Iceland Is So Mad At Us, You Guys

Iceland! Home of Elf School, airport layovers on the way to good Europe, and mediocre soccer. U.S. Soccer just poached one of their young players, and now Iceland is steaming, just like their picturesque and restorative geothermal pools.

Aron Jóhannsson is a 22-year-old striker and Icelandic national who currently plays for AZ Alkmaar. But he was born in Alabama, which makes him eligible for the U.S. national team. Yesterday, Jóhannsson announced on his Facebook page that he's made the right choice: America.

Iceland's soccer association is furious. Via Soccer By Ives, check this release from the KSÍ. (What is that character? Is that an "i"? Is it a rune? Does Iceland still use runes? I don't know.)

Aron Jóhannsson is an Icelander born in the USA in 1990 where he lived in the first years of his life. Aron’s parents are Icelandic. Aron got his soccer education under the KSÍ umbrella, with Fjölnir, where he played all the junior years (with a short stay with Breiðablik) and then played for their full team, before joining AGF in Denmark on September 1st 2010.

Aron Jóhannsson played 10 international matches for Iceland U21 in 2011 and 2012. Of these 10 games 8 of them were in UEFA competitions and Aron was a starter in each of them.

FIFA allows players to changes national sides once if they fulfill certain criteria, even if they have played with junior national sides, as long as they have not played an official A team match. One of the conditions allows players to switch to a country they were born in if they wish to represent it.

Aron has for the past year been unable to answer a call-up to the Iceland National Team from the national coach due to injuries. During that same time, news filtered through that the US Men National Team coach was interested in the player. Aron has no link to soccer in the USA at all.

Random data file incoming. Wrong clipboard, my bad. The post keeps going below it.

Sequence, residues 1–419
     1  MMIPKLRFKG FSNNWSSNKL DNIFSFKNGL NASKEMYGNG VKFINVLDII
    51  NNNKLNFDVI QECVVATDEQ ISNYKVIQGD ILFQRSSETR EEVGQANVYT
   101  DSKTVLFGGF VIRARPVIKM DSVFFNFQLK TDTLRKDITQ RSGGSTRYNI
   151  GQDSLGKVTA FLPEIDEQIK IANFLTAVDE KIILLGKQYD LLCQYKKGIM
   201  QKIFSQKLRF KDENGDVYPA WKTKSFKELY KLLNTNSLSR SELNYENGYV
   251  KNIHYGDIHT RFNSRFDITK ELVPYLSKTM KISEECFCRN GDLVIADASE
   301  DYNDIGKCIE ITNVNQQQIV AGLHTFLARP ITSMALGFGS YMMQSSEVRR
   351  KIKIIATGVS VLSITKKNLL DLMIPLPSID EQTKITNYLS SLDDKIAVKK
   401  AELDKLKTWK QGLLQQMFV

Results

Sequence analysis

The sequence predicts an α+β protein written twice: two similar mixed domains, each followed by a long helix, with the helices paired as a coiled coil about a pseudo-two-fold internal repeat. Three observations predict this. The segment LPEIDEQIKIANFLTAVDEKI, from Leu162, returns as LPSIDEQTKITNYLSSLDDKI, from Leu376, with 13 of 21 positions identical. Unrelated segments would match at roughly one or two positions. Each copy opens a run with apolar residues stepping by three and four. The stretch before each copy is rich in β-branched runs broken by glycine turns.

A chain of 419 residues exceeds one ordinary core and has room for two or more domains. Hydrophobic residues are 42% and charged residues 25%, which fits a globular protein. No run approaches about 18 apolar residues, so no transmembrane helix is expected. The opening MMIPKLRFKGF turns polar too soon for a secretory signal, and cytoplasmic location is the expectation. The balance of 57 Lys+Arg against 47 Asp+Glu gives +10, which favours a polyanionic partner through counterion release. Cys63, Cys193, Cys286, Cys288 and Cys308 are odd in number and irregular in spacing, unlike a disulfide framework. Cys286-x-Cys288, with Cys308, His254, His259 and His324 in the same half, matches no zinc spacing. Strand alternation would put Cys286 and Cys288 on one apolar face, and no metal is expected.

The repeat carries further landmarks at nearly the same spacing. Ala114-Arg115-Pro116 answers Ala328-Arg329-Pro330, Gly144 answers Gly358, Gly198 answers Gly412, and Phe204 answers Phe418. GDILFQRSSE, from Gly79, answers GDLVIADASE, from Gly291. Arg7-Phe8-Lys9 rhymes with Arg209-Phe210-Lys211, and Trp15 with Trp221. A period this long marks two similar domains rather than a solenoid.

Yesterday a statement from Aron was published where he expressed his desire to play for the USMNT. The only thing that has been pointed out to KSÍ from an interested party, is that his income potential, as a USA player, is much greater, both in the form of grants and sponsorship, than if he were an Iceland player. It is simply so that an Iceland National team member must play for land and country and for that they get honor and glory.

It is the utmost wish of KSÍ that Aron turns back on his ideas to change national teams. Aron is an Icelander through and through who we need in the tough international competitions. Aron has already played 10 U21 matches for Iceland and his future belongs there. Hopefully the public and media will respond and challenge Aron to continue competing for Iceland. KSÍ has already requested for Aron to participate in the next national team match vs. the Faroe Islands on August 14th.

There is no logic behind Aron relinquishing his Icelandic soccer identity.

U-S-A! U-S-A! U-S-A!

Come on by New York sometime, Aron. We'll set off M-80s and toast the two-party system with malt liquor to celebrate your first taste of Freedom.